Rich list, India: 2018
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Change in wealth
India’s 23 richest lose 21 billion
The world's fastest growing source of mega-wealth hit a speed bump in 2018.
The 128 people in Asia with enough money to crack the 500-member Bloomberg Billionaires Index lost a combined $137 billion in 2018, the first time wealth in the region has dropped since the ranking started in 2012.
Global trade tensions and concerns that stock valuations are too frothy hammered some of the area's biggest fortunes. China's tech sector was hit particularly hard, while India and South Korea weren't spared. The declines occurred even as banks and money managers aggressively stepped up efforts to cater to Asia's richest. Asian equities retreated again on Friday, with benchmarks slipping in Japan, China and Australia.
"Difficult stock market conditions this year and the uncertainty of the trade tensions likely have been a challenge to many businesses," said Philip Wyatt, a Hong Kong-based economist for UBS Group AG, who doesn't see the downdraft continuing through 2019 or significantly reducing the ranks of billionaires. Conditions are actually ripe for the region to create more of the mega rich as new technologies attract private capital and government support, he said.
For now, though, fear in the market is trampling fortunes. More than two-thirds of the 40 Chinese on the Bloomberg ranking saw their wealth dwindle. Wanda Group's Wang Jianlin, whose property conglomerate is selling assets to cut debt, lost $10.8 billion, the most of anyone in Asia.
JD.com founder Richard Liu, who was arrested in the US in August for less than 24 hours on suspicion of rape before being released, took the heaviest losses in percentage terms, with his wealth cut almost in half to $4.8 billion. Liu won't be charged, authorities in Minneapolis said Friday.
India's 23 richest people, meanwhile, saw $21 billion vanish. Lakshmi Mittal, who controls the world's largest steelmaker, led the way, losing $5.6 billion, or 29 percent of his net worth, followed by Dilip Shanghvi, the founder of Sun Pharmaceutical Industries, the world's fourth-largest generic drugmaker, whose wealth declined $4.6 billion.
South Korea's tycoons didn't escape the carnage either. The market rout lopped $17.2 billion from the fortunes of the country's seven richest people. The father and son who control Samsung Electronics, Lee Kun-Hee and son Jay Y Lee, account for more than a third of that decline.
In Hong Kong, titans of real estate took a big hit. Li Ka-shing, who retired as chairman of CK Hutchison and CK Asset in March, lost $6 billion in 2018, while Lee Shau Kee, the city's second-richest person, ends the year about $3.3 billion poorer.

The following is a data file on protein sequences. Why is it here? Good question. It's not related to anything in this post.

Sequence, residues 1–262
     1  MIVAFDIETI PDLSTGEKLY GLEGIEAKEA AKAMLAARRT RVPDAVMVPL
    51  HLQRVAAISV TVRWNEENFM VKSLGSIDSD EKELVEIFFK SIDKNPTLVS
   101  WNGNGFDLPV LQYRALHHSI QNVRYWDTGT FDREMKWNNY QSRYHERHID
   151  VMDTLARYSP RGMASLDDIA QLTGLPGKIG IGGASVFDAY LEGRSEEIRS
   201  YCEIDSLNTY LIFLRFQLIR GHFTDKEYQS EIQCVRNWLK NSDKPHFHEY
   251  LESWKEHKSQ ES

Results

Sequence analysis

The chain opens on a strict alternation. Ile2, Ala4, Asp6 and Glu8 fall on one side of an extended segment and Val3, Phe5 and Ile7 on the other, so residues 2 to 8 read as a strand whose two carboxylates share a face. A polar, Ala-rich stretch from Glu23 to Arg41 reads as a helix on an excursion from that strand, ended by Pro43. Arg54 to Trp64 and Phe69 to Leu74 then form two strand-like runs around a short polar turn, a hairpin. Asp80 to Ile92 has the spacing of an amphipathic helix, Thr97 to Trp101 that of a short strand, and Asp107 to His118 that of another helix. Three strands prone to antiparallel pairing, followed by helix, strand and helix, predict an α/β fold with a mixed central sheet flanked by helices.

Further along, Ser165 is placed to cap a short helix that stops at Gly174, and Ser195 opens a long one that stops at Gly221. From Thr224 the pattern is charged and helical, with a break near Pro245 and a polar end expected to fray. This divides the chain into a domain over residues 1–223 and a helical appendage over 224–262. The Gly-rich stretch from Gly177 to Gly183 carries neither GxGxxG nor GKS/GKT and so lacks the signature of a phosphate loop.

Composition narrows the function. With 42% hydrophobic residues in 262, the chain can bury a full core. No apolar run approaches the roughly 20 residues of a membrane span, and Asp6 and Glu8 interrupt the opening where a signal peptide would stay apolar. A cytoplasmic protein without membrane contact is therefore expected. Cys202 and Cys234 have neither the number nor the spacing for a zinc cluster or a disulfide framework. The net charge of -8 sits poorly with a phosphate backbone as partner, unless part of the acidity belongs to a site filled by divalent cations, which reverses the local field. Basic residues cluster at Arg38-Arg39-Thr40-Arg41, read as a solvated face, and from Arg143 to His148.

There were still plenty of winners to emerge from the wreckage of 2018.
Lei Jun, the chairman of Chinese smartphone maker Xiaomi Corp., added $8.7 billion, with a July initial public offering catapulting him into the Top 100 of the Bloomberg index after he started the year outside the ranking. The IPO also turned three of his co-founders into billionaires.
Japan's richest person, Tadashi Yanai, added $6.3 billion to his fortune as shares of Fast Retailing Co., the world's largest apparel retailer, surged 30 percent. India's Mukesh Ambani added $4 billion to his fortune and eclipsed Alibaba Group Holding Ltd.'s Jack Ma as Asia's richest person, thanks in part to the performance of Reliance Industries Ltd.
Among the winners, the Bloomberg Billionaires Index added new members in technology, consumer, biotech and pharmaceuticals.
E-commerce platform Pinduoduo Inc.'s Colin Huang was the second-largest winner in the region, adding $6.6 billion to his net worth. China's third largest online retailer was targeted by short seller Blue Orca Capital in November for overstating financials, though its shares traded higher that week as the company denied the accusation and posted strong growth in sales. While most of the newcomers to Asia's ranks of billionaires are from China, there are five from Korea and four from Japan. Two new billionaires were identified in Southeast Asia. The household "must-have" fish sauce condiment saw Nguyen Dang Quang, chairman of Vietnam's consumer giant Masan Group, join the ultra-rich club. Indonesian real estate mogul Donald Sihombing, who works 20 hours a day, also joined the list.
At least six Asian billionaires died, leaving behind a total of $29 billion.
Walter Kwok, the former chairman of Hong Kong’s biggest real estate developer Sun Hung Kai Properties Ltd. who was worth $9.1 billion, died in October at the age of 68. His two sons inherited a $3 billion stake from the company, according to regulatory filings. Vichai Srivaddhanaprabha, the founder of Thailand’s duty-free giant King Power Group, was killed in a helicopter crash in October. He owned English Premier League team Leicester City.
Growth of wealth
Indian billionaires’ wealth grows 18% in ’17
The ultra-rich are getting wealthier at a faster pace in the country. At 18%, persons with a wealth of more than $1 billion saw the highest growth in their fortunes during between 2016 and 2017, according to Boston Consulting Group’s (BCG) ‘Global Wealth Report 2018’.